# Tag Info

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Your description of your algorithm is really too vague to evaluate it at this point. But, here are some things to consider. CPS In fact, there is a way to transform any code into a form that uses only tail-calls. This is the CPS transform. CPS (Continuation-Passing Style) is a form of expressing code by passing each function a continuation. A ...

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In PL theory, this is known as (a variant of) the Church-encoding of pairs. The idea is the following: assume for the moment you only have a language with primitive booleans (true, false, if-then-else) and primitive (first-class) functions. Pairs are not primitive, yet they can be encoded as follows. In place of a pair $(x,y)$ we can consider the ...

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"Old" programming languages like Fortran, Cobol and LISP arose before serious mathematical theory of programming languages was developed. They inspired the development of such theory, but are full of idiosyncracies and features which from a mathematical point of view can best be described as "warts". However, each of the old languages in essence has a ...

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Let me try to clarify a point that seems to be confusing you: you seem to be conflating 2 related, but different concepts. The first is the concept of a proof system, which allows you to specify and prove theorems about mathematics or computer science. Dependent types are one elegant way to do this, where the types are the specification language and the ...

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Dependent Types in Racket are being worked on by Andrew Kent at Indiana University. There is a set of slides. There is a talk. Of interest, this potentially also impacts Typed Clojure, which is strongly modeled on Typed Racket.

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Your induction step is recorded incorrectly. You wrote: $$\frac{x^{k+1} - 1}{x - 1} + k+1$$ You should have written: $$\frac{x^{k+1} - 1}{x - 1} + x^{k+1}$$ Basically, you are proving the formula for the sum of the geometric sequence.

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With fact, the primary problem is with f. If n is 0, then it works fine. However, for any other value of n, fact is called with an f of () => n * f(). So when the base case (n = 0) is finally encountered, f is () => n * f(). When f is invoked, f is still () => n * f(). So the call to f results in unbounded recursion with itself. With ...

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The thing to notice here is that your function sum is defined on lists, which are inductively defined. Theoretically, the inductive definition of a list defines for every type T a term match_list :: T -> (a -> [a] -> T) -> ([a] -> T) satisfying the property match_list s t [] = s match_list s t (x::xs) = (t x xs) in addition, defining a ...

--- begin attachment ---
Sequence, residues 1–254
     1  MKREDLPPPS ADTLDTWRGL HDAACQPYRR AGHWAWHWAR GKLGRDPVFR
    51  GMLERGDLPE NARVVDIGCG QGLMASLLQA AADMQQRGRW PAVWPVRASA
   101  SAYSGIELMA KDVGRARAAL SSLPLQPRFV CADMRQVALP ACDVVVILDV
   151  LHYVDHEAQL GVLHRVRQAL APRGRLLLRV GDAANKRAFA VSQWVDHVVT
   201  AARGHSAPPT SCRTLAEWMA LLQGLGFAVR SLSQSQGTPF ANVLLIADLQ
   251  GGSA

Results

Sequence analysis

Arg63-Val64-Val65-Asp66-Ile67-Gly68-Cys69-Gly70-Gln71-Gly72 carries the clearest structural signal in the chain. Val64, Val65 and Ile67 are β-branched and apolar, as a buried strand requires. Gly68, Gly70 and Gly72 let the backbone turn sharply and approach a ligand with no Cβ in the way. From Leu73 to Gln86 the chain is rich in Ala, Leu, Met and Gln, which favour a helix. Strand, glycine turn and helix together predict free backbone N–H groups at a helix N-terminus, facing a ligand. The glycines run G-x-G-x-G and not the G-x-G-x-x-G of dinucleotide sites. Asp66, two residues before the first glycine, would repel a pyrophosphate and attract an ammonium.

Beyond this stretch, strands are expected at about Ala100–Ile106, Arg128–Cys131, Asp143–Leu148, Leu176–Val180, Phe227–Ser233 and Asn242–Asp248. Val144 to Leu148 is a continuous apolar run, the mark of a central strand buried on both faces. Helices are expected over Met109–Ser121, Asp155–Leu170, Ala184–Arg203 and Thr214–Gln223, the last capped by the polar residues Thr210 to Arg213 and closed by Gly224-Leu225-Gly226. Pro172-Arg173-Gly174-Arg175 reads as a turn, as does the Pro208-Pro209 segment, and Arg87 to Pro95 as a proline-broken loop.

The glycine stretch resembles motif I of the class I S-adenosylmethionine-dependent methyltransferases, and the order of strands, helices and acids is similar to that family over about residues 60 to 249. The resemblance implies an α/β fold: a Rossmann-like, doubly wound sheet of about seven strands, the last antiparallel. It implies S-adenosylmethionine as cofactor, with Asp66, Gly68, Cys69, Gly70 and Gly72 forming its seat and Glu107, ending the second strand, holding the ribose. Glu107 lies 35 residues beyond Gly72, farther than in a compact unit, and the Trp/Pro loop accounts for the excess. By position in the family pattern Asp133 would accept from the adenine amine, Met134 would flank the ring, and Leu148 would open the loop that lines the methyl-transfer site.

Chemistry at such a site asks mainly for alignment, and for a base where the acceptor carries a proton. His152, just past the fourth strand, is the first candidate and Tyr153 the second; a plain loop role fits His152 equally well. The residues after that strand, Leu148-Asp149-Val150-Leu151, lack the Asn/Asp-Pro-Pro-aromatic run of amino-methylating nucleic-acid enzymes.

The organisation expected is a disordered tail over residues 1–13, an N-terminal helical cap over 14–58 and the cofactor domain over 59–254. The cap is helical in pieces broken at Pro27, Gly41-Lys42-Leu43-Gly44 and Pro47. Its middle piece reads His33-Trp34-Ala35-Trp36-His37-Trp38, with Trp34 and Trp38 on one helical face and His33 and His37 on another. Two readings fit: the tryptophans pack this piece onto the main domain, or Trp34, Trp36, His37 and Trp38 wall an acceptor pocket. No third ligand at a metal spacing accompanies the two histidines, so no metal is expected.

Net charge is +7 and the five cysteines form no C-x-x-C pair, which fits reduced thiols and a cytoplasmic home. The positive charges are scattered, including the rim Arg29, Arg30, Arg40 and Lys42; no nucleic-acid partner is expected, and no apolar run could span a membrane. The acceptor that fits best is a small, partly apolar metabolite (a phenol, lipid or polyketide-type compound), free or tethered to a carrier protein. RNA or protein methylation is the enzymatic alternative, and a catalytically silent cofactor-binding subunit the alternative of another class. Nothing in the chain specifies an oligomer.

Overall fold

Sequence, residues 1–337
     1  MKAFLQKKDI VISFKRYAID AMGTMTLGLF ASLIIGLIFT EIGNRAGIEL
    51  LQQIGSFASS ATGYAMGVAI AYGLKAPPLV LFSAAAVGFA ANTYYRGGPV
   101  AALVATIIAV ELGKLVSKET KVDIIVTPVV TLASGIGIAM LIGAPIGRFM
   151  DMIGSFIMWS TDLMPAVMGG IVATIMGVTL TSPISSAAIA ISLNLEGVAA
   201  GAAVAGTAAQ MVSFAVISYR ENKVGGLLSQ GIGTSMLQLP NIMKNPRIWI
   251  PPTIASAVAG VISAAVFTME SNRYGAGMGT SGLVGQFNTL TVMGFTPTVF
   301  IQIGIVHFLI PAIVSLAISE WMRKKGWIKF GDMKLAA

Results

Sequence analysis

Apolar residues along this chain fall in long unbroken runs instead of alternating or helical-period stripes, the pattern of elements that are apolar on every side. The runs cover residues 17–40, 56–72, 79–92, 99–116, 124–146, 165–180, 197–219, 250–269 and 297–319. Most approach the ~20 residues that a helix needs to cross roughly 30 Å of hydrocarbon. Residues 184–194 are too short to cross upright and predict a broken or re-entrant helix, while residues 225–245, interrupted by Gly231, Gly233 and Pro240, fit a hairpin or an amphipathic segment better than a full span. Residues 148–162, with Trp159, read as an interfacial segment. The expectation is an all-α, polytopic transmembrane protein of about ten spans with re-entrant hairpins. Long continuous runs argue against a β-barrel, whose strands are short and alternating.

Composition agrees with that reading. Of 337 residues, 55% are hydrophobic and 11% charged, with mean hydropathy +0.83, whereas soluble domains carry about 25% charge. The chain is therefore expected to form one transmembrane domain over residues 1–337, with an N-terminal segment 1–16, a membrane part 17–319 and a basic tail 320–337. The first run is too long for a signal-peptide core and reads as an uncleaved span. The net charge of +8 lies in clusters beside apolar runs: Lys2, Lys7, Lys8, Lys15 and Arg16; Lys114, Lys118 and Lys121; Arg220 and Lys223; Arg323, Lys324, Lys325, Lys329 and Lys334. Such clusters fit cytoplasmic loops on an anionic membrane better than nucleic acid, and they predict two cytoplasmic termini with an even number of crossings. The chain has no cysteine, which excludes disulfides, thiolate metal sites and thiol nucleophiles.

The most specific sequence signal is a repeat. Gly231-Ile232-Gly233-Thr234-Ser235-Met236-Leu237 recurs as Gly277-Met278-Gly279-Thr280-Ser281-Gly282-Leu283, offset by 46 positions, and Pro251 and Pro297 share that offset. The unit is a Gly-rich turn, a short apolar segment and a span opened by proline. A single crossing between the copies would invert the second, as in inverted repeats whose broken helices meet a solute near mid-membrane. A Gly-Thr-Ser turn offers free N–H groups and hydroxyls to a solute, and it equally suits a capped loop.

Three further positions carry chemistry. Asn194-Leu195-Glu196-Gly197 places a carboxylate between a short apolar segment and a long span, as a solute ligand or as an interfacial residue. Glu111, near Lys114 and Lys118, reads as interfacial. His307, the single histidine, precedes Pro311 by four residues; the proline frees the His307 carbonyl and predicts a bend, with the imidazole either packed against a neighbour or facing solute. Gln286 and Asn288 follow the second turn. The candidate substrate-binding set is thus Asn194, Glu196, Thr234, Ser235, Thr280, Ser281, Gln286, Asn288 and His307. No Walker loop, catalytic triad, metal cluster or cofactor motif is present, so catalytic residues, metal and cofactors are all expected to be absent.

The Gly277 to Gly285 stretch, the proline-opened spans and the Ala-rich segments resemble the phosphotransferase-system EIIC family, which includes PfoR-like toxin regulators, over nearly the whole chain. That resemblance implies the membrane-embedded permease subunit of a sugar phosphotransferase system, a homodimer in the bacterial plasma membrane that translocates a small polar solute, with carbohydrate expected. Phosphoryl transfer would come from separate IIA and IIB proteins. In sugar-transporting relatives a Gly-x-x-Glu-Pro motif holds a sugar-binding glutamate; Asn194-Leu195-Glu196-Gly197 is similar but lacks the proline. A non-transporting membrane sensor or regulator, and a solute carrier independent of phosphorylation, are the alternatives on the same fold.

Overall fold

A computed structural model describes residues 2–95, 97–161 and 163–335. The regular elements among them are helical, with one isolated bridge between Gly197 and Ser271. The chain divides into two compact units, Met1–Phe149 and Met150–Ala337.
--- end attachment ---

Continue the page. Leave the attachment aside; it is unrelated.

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Given your definition, the answer is "no". JavaScript syntax is not a subset of JavaScript's literal syntax. The fact that a value a literal represents can be produced by evaluating the literal is what makes a literal a literal and is true in any language. The only real difference is JavaScript has a richer literal syntax than many common programming ...

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The intersection rule should be derivable, but it isn't purely a subtyping rule. Basically we reason as follows (I've translated into a notation that's a bit more familiar to me): I'm presuming that subtyping says $A \cap B \subseteq A \subseteq A \cup B$ Subtyping means that $f : (A \to Y) \cap (B \to X)$ leads to both $f : A \to Y$ and $f : B \to X$ If \$f ...

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In programming languages I 've seen, they are not the same. A procedure (or function) definition is a block of code with a header, that specifies 0 or more arguments, and a name. It allows the procedure to be called by specifying its name and a list of argument values. In many languages, anonymous functions or procedures can be defined, which have a block ...

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OK, I found a lead. Just needed to know what to search for: https://en.wikipedia.org/wiki/CAR_and_CDR The 704 and its successors has a 36-bit word length and a 15-bit address space. These computers had two instruction formats, one of which, the Type A, had a short, 3-bit, operation code prefix and two 15-bit fields separated by a 3-bit tag. The first 15-...

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The 16 high-speed registers of the PDP-10 ISA were addressible as locations 0-15 of physical memory, so that the code literally could run in the registers if it was short enough and you could devote a block of registers to it. Not only could it use registers for temporary storage, it could use them as a code cache as well.

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Project Euler has nice problems for showcasing the core of a programming language. An important part of a programming language are user defined (container) data structures. Bread and butter containers include random access arrays, bidirectional lists, hash tables, and search trees. You may take the implementations from standard libraries of the languages to ...

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You get the fib(n) running time if you only expand one invocation of fib at a time. You haven't been told the exact execution model for several reasons: It is messy. It's not important. It could depend on the implementation. You need to worry about low-level stuff such as the complexity of integer operations. The reason it's not important is that when ...

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